The Power of NO

A friend of mine recently shared several incidents where a certain type of man has found it appropriate to cop a feel of her (peculiarly, always on some mode of public transport). At the time of conversation we were having a laugh about it because a) Smile through the pain and b) My friend punched every single man in the face who put his hands on her. Not all heroes wear capes, they say. 

I  began to recall moments where I’ve also been subjected to unwanted physical contact; how powerless I felt. At 16, I remember getting off a bus and this guy with trousers hanging below knees and a icky smile grabbed my bum as he hopped off the vehicle. I remember screaming “don’t touch me!” followed by the lame retort: “Well don’t wear a skirt that short then”. In those days, I thought very little about reacting to reactions and would easily tell someone to fuck off. Truth is, that guy was physically bigger and stronger than me and I was “lucky” things didn’t escalate. 

Words and illustrations by Chelsea Hipwood

Another friend found herself on the tube in broad daylight and a man sitting opposite (what is it with men being gross on public transport?) decided to have an explicit penis fondle! These types of men are sexual predators, desperate to exert control through sexual harassment. They carry delusions which permit them to do whatever they like, whenever they like, to whomever they like. It’s sickening.

My friend then witnessed a man rubbing himself onto a girl and mouthed “Is he trying to touch you?” The girl replied “I think so”, so she began to video him, making sure the harasser was called out and shamed.

Words and illustrations by Chelsea Hipwood

It’s deeply concerning that the victim of assault felt too scared to confront her attacker. Even on a packed train, she was frozen in fear (which of course is not her fault and a natural response).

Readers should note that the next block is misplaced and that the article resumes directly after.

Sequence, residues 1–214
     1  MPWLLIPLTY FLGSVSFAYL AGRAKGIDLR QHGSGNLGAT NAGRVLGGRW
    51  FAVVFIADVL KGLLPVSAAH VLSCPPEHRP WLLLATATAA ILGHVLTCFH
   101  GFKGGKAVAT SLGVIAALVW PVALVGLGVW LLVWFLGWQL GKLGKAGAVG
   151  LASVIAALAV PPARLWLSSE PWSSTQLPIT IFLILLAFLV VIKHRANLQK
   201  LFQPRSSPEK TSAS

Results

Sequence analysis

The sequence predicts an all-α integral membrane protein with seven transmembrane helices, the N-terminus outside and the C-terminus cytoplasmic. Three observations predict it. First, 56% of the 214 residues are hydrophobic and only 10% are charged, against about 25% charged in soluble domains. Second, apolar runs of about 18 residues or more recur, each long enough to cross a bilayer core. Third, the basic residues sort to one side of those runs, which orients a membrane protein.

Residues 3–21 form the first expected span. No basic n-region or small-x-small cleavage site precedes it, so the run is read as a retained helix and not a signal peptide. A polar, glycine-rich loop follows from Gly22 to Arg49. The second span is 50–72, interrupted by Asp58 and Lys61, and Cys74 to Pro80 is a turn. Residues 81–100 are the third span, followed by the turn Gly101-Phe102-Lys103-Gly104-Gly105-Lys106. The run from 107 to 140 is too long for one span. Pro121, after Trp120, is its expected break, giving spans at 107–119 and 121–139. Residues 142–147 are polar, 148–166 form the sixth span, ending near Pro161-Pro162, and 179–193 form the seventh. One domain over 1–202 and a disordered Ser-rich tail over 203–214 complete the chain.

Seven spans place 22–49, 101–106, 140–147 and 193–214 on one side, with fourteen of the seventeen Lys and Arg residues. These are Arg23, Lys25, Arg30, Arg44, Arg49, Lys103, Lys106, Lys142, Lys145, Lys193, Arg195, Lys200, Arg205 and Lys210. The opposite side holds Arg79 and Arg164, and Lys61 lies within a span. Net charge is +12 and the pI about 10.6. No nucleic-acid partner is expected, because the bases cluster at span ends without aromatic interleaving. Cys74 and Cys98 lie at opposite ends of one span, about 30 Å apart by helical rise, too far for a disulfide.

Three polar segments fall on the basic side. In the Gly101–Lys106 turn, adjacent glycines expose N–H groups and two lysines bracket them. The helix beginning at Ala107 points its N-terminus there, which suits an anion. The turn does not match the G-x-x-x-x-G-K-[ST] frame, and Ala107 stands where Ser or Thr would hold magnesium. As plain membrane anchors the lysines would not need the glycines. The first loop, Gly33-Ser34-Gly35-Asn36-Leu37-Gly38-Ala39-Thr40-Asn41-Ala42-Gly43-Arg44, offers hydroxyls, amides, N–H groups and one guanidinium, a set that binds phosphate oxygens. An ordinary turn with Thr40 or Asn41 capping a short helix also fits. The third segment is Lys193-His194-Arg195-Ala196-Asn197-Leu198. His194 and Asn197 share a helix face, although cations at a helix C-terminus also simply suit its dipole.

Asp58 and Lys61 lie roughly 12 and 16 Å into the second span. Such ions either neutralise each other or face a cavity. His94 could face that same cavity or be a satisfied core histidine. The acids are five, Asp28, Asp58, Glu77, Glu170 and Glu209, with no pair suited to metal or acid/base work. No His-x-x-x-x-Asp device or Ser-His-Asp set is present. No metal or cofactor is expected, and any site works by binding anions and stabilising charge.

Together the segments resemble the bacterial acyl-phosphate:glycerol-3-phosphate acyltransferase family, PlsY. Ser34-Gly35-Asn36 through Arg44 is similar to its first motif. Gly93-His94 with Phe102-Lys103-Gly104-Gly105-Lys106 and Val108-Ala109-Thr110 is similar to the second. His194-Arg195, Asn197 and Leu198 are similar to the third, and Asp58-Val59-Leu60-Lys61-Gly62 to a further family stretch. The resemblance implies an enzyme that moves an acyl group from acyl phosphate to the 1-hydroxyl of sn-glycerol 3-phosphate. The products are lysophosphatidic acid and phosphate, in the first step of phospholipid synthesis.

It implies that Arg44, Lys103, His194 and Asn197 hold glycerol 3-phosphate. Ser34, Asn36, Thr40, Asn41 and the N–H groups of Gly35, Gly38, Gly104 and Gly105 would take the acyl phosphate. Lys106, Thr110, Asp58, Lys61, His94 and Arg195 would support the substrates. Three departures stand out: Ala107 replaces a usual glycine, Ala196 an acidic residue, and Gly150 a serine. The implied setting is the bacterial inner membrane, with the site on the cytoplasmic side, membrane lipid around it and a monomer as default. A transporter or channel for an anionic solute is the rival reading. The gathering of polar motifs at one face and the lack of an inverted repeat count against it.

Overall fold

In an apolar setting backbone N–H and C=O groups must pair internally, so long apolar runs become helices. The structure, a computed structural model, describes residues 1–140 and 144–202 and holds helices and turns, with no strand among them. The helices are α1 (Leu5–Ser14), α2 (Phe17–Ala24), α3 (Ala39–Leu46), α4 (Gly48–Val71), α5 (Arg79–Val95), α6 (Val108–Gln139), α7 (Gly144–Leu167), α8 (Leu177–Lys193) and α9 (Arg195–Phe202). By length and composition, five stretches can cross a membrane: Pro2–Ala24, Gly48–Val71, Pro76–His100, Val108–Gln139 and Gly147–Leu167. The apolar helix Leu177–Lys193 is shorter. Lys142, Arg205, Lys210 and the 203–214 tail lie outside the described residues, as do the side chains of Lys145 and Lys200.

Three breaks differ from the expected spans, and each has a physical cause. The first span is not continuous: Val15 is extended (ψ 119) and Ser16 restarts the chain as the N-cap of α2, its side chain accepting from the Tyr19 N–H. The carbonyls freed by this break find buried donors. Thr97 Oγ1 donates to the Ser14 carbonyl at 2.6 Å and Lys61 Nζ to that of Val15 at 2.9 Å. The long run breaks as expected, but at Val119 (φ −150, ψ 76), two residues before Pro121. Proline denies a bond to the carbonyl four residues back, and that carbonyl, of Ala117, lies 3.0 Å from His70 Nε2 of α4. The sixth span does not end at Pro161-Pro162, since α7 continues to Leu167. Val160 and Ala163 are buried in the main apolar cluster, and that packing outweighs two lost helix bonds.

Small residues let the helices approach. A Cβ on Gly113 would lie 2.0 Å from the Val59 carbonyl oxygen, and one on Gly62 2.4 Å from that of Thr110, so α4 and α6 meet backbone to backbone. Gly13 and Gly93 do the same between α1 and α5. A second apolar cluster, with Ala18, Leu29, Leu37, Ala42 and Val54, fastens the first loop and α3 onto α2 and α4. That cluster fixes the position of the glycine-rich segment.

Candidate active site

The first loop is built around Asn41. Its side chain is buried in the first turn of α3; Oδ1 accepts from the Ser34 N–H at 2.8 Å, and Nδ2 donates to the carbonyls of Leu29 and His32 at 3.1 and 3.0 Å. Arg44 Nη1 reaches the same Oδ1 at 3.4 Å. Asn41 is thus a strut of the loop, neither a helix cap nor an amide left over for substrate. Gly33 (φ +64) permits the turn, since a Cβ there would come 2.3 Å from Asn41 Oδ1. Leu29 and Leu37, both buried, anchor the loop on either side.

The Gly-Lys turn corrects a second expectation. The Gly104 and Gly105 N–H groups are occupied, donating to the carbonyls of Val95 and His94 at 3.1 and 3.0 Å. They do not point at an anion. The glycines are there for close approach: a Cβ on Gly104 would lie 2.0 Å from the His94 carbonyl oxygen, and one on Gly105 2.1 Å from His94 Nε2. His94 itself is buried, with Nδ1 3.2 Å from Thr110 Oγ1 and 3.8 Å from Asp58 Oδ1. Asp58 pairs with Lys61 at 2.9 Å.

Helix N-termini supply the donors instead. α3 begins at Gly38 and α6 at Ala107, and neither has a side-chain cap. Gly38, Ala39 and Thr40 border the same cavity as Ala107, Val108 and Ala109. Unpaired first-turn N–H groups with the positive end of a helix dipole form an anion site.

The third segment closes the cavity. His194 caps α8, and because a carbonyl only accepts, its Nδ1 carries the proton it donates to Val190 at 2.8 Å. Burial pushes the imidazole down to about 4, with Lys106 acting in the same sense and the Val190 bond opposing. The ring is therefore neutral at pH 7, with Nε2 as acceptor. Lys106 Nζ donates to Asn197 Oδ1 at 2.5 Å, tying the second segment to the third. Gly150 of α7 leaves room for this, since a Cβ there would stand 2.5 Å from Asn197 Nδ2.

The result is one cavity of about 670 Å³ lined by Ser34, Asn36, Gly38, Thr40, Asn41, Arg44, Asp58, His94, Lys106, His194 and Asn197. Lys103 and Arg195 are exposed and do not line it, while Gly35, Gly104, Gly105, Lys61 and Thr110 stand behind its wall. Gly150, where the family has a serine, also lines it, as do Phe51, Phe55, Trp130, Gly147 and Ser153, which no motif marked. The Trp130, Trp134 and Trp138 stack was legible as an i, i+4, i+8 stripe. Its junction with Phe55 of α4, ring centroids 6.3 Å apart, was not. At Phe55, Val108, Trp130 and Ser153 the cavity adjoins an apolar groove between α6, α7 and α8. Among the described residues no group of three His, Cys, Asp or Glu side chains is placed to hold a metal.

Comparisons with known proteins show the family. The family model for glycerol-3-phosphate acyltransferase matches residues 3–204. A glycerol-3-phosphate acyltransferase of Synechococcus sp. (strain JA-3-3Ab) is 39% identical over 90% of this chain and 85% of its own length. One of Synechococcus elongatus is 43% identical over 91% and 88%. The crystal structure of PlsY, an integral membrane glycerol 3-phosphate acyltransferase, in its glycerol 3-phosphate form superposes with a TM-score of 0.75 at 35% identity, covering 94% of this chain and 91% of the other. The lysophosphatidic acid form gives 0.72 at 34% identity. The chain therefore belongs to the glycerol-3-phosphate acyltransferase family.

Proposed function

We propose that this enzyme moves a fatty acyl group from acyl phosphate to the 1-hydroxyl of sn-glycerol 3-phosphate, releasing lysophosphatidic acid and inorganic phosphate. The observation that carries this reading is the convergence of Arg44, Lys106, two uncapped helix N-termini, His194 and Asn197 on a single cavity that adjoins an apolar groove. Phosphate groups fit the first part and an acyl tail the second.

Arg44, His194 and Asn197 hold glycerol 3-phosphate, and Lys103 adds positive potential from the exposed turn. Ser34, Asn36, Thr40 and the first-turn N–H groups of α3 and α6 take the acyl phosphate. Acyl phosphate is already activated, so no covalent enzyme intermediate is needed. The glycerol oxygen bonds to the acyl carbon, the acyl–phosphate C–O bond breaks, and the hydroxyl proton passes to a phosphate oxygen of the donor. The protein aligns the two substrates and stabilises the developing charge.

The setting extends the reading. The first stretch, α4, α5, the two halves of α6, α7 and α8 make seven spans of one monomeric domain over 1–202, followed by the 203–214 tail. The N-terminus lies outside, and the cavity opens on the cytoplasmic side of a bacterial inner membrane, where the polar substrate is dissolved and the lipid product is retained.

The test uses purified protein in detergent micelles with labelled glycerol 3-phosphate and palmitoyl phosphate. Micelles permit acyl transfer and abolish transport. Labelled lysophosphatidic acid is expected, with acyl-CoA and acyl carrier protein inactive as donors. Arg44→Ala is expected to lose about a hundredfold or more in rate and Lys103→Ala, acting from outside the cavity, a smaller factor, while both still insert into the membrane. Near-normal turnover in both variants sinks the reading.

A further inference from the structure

Maybe if self-defence classes were compulsory across schools and even working environments, women would feel more confident in defending themselves.  

Over the years, I’ve found myself in situations where relatives, friends and even coworkers have exhibited predator-like behaviour; from massaging my shoulders, to leering at my breasts and so on. Instead of plucking up the courage to say “You’re making me feel uncomfortable”, I’ve simply shrugged them away, or acted nonchalant. I’m so tired of “towing the line”, believing that I have to accept behaviour which makes me uncomfortable, to avoid making the other person feel uncomfortable. Why is that even a thing?

Words and illustrations by Chelsea Hipwood

My best friend doesn’t like hugging strangers and avoids the whole “London greeting” thing, where we stand up and kiss strangers on either side of their cheek. Whilst this is a notion I’m personally comfortable with; nobody should prioritise “political correctness” over what makes them feel comfortable. Perhaps if we encouraged authenticity, it would become second nature saying “no” to things we don’t like.

I live in London, which means that as a woman, I do in fact have rights, if someone gropes me on the train, I could have them done for sexual assault.

In other parts of the world, with too many countries to name, women undergo forced marriage, forced intercourse, FGM (female-genital mutilation); death-by-stoning and more. Basic rights such as learning to drive, roaming the streets independently or even applying for a passport is forbidden. When I think about it, I become insane (which of course doesn’t change the reality). 

If women in the UK haven’t yet mastered the power of no, where we have our freedom and our rights, how will we ever overcome the global issue of oppression? 

Don’t get me wrong, I’m not encouraging you to start displaying extreme behaviours by spitting into your palm to avoid shaking a persons hand, or getting the sledgehammer out to avoid a casual hug. What I am encouraging, is for you to decline those areas which make you feel uncomfortable.

And nobody should dictate to you what those areas are. 

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